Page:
VAPEX process is prone to breakthrough formation.
During this phenomenon, a part of the injected vapor was
lost through the separator without dilution of bitumen.
Therefore, the in situ solvent was considered to be distrib-
uted in two media; one, which had diffused into the heavy
oil, and the other, which was trapped in the pore volumes
of the swept zone. The ratio of dissolution efficiency was
defined as the rate of dissolved solvent to the rate of
injected solvent. The experimental results revealed that the
ratio of the dissolved solvent to the injected solvent in the
nano-assisted VAPEX method is more than the conven-
tional VAPEX method. Figure 16 shows the comparative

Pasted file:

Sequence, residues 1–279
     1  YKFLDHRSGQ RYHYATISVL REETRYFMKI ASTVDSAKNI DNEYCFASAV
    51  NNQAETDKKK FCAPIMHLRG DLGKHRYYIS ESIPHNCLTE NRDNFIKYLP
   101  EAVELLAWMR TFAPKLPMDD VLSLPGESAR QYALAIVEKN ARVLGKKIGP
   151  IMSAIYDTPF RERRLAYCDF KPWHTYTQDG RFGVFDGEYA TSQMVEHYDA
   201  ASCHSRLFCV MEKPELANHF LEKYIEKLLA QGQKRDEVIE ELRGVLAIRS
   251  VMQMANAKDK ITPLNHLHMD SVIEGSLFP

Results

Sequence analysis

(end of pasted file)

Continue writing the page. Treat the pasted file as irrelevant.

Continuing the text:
diagram of dissolution efficiency for nano-assisted and
conventional VAPEX processes.
The MMT's form enhanced breakthrough with a high
aspect ratio to increase the vapor diffusion and the bitumen
dilution.
Adsorption of asphaltene particles in the MMT's structure
led to reducing the asphaltene deposition on the matrix sur-
faces. The wettability of the matrix did not shift to oil-wet
conditions and the permeability remained constant.
Moreover, intercalation of asphaltenes into the MMTs
reduced the oil viscosity, enhanced the gravity drainage,
increased the falling rate of live oil, and expanded the interfa-
cial area between the original oil and the vapor chamber.
According to the hypothesis of surface renewal, the concen-
tration gradient between the solvent and the heavy oil was
increased. This led to increasing the solvent diffusion into the